Gary Ridgway was a long distance truck driver turned serial killer who has one of the largest victims count in United States history. According to police reports Ridgway would drive along the Green River and would pick up sex workers who he would later murder and dump.
When he was eventually caught the Green River Serial Killer would confess to over seventy murders and would admit he lost count of the exact toll. Psychiatrists believe that when Ridgway caught a sexual disease while serving in Vietnam that triggered his hatred for sex workers. Ridgway would plead guilty to forty eight counts of murder in exchange of having the death penalty taken off the table. Gary Ridgway was sentenced to multiple life sentences
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Gary Ridgway — the most prolific American serial killer who said he has at least 71 victims – is no longer called an inmate or an offender, according to Department of Corrections officials.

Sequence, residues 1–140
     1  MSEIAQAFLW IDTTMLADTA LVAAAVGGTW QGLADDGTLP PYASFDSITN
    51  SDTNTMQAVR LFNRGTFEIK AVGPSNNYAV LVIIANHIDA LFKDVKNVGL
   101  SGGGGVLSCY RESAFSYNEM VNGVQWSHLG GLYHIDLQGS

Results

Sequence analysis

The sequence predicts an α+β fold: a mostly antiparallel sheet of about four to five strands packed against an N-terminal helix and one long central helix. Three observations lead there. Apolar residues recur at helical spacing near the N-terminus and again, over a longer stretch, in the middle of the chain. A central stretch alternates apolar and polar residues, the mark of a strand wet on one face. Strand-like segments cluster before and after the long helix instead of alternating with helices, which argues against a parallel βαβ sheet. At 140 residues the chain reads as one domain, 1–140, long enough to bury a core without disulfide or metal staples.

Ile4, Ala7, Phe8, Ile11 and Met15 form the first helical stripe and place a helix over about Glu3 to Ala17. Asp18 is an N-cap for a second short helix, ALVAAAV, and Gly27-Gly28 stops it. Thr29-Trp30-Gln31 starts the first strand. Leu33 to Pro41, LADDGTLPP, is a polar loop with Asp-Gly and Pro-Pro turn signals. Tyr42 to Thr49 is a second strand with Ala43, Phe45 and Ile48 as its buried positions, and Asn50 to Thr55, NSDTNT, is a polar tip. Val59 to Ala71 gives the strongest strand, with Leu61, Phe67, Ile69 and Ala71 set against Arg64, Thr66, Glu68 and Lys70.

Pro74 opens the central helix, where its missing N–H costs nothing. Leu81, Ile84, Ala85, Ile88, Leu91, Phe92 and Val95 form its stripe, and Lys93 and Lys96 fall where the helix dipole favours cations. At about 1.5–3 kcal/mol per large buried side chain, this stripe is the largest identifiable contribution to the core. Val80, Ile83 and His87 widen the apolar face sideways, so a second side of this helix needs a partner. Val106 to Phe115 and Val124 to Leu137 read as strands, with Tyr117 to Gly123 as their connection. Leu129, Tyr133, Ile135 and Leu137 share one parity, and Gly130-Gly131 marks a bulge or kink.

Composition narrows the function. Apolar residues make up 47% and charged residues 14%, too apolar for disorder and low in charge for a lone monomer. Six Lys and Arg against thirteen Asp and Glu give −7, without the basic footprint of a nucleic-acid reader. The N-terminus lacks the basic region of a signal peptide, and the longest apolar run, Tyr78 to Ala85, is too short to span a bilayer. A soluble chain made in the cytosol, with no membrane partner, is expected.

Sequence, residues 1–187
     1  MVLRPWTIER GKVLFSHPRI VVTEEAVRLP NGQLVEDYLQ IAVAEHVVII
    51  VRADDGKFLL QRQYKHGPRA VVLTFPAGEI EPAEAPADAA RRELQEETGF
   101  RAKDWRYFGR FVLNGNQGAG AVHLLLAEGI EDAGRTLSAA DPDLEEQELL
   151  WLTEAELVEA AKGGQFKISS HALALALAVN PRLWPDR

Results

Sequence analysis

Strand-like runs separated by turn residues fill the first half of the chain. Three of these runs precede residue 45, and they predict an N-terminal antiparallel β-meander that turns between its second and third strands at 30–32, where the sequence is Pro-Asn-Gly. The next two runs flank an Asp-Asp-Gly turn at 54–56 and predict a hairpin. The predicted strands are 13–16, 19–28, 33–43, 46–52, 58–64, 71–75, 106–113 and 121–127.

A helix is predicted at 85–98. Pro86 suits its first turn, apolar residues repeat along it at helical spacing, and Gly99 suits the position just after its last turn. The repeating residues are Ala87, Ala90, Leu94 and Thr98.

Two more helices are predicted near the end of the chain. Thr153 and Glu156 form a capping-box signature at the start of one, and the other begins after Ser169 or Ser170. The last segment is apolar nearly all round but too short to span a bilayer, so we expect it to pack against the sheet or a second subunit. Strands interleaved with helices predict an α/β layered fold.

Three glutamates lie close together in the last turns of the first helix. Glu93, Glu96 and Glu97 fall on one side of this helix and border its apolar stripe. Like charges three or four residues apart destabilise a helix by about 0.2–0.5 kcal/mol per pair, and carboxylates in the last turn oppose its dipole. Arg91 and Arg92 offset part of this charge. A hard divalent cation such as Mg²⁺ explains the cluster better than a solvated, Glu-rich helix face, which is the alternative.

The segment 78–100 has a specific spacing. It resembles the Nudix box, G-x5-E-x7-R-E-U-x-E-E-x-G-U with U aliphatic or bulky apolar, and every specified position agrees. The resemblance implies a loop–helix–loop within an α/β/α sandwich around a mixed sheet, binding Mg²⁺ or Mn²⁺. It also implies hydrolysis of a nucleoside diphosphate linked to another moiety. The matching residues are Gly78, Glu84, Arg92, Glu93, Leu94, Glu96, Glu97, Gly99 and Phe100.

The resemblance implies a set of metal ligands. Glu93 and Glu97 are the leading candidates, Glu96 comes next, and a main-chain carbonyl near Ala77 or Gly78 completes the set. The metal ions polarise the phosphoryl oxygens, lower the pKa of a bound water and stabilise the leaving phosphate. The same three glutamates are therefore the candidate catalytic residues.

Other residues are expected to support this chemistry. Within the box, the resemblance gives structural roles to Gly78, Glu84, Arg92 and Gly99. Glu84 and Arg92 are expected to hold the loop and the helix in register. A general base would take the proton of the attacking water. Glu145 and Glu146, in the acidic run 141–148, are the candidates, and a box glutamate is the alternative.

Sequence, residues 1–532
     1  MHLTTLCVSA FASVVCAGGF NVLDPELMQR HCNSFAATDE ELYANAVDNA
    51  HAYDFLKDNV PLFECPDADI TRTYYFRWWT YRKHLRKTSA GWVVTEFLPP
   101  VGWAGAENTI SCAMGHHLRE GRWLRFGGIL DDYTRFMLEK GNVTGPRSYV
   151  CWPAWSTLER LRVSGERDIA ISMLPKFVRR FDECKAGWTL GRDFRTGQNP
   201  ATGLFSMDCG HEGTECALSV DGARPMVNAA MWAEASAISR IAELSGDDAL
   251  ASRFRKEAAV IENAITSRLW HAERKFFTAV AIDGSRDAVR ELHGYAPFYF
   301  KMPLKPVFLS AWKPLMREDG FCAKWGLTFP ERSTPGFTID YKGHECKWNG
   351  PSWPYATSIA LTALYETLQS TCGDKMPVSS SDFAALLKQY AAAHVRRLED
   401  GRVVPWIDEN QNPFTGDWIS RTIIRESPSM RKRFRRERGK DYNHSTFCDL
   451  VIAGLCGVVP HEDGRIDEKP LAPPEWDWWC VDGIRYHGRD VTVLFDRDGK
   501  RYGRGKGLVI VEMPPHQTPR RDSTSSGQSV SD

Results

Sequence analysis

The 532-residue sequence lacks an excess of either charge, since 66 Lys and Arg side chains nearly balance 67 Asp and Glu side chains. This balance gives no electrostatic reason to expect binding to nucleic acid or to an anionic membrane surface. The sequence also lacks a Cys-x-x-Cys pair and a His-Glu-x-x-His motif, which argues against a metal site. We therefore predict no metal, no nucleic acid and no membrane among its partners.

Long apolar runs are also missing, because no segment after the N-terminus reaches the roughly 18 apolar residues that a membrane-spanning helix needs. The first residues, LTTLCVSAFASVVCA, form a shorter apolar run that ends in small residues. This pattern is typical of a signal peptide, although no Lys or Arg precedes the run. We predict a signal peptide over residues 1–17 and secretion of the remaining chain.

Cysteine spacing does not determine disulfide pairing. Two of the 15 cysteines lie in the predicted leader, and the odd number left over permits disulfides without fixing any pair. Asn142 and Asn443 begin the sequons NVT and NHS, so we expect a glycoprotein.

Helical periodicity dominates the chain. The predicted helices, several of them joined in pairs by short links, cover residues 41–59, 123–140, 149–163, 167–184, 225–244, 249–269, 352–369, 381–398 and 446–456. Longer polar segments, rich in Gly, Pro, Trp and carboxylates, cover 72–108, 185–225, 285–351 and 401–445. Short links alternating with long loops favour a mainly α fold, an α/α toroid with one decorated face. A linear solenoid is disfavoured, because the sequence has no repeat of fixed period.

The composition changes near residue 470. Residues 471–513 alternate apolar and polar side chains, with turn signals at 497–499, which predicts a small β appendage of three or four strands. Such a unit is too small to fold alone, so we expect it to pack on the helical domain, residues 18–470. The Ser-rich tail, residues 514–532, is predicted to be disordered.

The serial killer is called a “student” under new DOC guidelines. So are other murderers, rapists and felons.
“The term ‘offender’ does have a negative connotation and significantly impacts a broad group of people and communities,” Acting DOC Secretary Dick Morgan wrote in an internal department memo, obtained by KIRO 7
“Times change, and so does our language.”
Ridgway, who was not identified as the Green River Killer until 2001, started his killing spree at least as early at 1982. He was convicted of 49 murders, but confessed to additional cases and is believed to have killed more than 90.
In Morgan’s memo, he wrote that the term offender “is a label that impacts more than the person to whom it is applied. The label has now been so broadly used that it is not uncommon to see it used to describe others such as ‘offender families’ and ‘offender employers or services.’”
Not everyone is bothered by the term. One former prison inmate, who told KIRO 7 he’s been on DOC supervision for years, said the terminology wouldn’t change anything.